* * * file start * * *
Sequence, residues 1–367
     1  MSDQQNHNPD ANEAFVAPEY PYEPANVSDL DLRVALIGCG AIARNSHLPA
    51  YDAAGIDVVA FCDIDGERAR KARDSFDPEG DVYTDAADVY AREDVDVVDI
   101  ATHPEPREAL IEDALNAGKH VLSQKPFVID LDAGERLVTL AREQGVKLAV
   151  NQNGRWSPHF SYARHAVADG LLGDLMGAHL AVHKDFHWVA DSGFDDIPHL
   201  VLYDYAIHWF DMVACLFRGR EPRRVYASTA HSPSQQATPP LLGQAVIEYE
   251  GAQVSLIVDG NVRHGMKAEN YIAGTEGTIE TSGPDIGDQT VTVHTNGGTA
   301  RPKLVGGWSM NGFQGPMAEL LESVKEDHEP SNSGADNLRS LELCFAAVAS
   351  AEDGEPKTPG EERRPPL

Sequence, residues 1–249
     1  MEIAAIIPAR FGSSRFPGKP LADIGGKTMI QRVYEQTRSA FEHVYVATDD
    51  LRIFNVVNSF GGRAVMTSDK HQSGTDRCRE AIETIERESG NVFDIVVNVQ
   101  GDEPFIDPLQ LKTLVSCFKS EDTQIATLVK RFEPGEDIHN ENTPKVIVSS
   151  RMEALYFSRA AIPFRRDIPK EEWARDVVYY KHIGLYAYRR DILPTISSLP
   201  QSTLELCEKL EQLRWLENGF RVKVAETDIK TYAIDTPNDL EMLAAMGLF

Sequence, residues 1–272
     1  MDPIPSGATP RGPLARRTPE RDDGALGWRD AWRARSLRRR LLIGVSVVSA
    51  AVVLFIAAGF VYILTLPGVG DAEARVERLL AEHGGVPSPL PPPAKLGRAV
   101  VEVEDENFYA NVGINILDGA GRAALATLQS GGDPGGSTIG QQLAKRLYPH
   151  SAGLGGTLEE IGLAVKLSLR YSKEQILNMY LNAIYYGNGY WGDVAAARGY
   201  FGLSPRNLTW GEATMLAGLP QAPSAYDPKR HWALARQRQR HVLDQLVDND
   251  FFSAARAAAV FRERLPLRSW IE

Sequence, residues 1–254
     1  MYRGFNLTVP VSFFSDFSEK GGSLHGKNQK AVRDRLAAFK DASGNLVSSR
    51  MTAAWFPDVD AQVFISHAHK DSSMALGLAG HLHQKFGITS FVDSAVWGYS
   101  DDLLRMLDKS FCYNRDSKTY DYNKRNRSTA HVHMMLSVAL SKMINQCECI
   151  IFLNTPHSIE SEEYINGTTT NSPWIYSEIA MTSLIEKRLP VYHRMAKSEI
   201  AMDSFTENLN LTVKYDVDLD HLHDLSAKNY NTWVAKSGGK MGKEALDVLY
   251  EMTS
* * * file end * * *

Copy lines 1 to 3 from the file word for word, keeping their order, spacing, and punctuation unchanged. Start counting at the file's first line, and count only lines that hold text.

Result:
Sequence, residues 1–367
     1  MSDQQNHNPD ANEAFVAPEY PYEPANVSDL DLRVALIGCG AIARNSHLPA
    51  YDAAGIDVVA FCDIDGERAR KARDSFDPEG DVYTDAADVY AREDVDVVDI